In recognition of The Tandana Foundation’s 15th anniversary, we are creating 15 videos featuring cherished members of the organization’s global family. Published in a series of 15 posts on this blog, these videos will highlight key aspects of Tandana’s philosophy, community partnerships, and impactful work that has been done, along with projects still in progress. The videos will serve as a meaningful way to reflect back on what has been accomplished in 15 years as well as provide insight into the Tandana’s future in the next 15 years.Continue reading “Celebrating 15 Years of Intercultural Friendship: Environmental Programs”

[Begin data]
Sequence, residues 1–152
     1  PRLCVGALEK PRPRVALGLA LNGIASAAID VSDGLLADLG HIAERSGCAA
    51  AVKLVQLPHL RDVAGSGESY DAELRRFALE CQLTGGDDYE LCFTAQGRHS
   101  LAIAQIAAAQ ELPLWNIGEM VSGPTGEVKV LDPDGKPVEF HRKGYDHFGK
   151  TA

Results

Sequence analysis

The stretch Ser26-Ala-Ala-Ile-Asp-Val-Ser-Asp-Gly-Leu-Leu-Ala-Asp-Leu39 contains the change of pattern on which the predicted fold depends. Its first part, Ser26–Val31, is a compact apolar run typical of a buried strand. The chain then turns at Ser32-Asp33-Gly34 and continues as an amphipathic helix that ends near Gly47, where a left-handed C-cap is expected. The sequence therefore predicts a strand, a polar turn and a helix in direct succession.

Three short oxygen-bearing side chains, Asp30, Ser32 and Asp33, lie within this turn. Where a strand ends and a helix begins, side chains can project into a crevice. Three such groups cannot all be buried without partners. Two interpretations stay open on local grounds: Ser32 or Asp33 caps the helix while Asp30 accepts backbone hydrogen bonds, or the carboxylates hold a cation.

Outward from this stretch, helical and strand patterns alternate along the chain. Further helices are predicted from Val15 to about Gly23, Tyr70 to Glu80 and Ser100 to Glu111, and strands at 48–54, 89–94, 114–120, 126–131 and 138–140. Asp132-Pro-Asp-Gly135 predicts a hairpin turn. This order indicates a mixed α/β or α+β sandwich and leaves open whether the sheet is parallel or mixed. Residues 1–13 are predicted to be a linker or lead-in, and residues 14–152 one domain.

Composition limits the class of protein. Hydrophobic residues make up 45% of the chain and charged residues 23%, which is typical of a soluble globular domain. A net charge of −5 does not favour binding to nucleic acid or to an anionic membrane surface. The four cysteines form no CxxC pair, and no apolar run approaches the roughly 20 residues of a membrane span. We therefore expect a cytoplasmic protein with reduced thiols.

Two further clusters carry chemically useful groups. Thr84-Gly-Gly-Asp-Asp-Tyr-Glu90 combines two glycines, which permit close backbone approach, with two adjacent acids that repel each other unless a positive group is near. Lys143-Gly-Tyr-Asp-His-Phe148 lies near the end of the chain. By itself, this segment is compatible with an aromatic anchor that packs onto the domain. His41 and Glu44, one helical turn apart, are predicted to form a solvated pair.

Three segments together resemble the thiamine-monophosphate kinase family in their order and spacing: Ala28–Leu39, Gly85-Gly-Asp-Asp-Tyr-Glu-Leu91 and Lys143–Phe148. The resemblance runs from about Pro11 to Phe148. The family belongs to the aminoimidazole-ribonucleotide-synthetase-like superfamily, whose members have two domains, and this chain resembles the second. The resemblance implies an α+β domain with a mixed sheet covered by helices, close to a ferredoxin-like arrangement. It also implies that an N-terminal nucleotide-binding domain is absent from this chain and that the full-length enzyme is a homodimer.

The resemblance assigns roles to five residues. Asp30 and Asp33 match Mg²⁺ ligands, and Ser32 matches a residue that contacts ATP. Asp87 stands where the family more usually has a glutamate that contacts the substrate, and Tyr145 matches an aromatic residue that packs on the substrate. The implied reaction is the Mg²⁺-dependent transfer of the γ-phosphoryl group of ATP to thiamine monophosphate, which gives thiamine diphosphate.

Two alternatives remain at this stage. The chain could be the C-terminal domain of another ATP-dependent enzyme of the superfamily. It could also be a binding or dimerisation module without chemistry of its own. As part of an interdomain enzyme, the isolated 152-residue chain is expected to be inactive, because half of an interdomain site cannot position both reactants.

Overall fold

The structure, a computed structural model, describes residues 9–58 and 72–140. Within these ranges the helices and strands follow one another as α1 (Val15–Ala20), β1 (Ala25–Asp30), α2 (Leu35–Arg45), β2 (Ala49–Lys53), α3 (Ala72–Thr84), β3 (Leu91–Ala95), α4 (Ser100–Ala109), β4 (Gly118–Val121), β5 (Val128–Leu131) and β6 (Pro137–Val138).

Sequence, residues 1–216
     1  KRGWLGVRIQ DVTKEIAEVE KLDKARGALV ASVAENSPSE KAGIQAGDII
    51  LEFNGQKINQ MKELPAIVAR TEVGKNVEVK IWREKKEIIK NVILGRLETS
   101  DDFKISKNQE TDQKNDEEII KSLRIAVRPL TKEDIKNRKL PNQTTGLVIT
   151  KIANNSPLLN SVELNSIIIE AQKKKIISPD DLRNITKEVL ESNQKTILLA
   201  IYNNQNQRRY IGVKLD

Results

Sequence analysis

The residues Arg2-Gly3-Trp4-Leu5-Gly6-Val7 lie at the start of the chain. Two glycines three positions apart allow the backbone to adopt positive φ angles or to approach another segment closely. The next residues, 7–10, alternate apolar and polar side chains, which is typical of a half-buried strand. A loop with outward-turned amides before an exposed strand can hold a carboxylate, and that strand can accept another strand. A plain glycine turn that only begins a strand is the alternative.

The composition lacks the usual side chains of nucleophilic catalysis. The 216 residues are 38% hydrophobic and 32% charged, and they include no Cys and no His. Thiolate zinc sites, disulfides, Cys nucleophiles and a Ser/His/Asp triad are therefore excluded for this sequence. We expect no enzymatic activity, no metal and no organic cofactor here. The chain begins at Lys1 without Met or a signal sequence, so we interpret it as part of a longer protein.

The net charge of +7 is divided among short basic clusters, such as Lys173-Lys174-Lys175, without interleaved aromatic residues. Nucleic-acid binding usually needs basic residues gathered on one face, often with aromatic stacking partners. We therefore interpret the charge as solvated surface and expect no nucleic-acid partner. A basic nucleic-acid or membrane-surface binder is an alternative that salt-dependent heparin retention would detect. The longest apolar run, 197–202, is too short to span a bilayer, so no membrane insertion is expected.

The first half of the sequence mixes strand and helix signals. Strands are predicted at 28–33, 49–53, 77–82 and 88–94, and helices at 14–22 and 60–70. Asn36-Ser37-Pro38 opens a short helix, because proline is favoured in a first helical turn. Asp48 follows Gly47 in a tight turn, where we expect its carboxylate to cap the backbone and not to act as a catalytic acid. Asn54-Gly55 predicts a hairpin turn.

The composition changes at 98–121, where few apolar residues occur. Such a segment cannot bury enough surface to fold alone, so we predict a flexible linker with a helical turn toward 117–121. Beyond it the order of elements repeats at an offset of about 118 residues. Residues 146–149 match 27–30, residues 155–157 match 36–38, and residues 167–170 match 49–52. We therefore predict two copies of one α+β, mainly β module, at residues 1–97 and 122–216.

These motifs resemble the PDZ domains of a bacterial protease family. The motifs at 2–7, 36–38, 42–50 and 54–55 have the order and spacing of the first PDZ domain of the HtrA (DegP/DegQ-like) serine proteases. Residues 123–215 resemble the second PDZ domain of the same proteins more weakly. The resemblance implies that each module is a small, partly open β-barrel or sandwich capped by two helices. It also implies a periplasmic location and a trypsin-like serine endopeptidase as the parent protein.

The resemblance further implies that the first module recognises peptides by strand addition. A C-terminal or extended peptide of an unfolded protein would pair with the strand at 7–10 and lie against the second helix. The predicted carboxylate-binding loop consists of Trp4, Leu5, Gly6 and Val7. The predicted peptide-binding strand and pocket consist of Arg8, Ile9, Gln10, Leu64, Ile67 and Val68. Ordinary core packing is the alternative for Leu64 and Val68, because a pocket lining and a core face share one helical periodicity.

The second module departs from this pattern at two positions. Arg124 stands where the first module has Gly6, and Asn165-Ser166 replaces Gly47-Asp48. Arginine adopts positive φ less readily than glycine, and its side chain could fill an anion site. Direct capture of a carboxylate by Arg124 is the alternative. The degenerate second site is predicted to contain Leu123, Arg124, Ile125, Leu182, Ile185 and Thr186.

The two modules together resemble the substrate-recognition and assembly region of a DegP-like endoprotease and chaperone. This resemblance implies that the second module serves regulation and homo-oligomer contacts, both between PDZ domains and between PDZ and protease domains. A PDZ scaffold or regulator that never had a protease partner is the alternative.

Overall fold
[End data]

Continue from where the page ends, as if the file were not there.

Members of the 24 villages where the Olouguelemo Association operates in Mali are recognizing the successful work being done by the association. With support and guidance from The Tandana Foundation, the village-run organization continues to make progress on its environmental conservation projects, including reforestation, erosion control, and forest protection. The following post contains three commentaries from village residents about these efforts.Continue reading “Three perspectives on the Olouguelemo Association’s recent projects”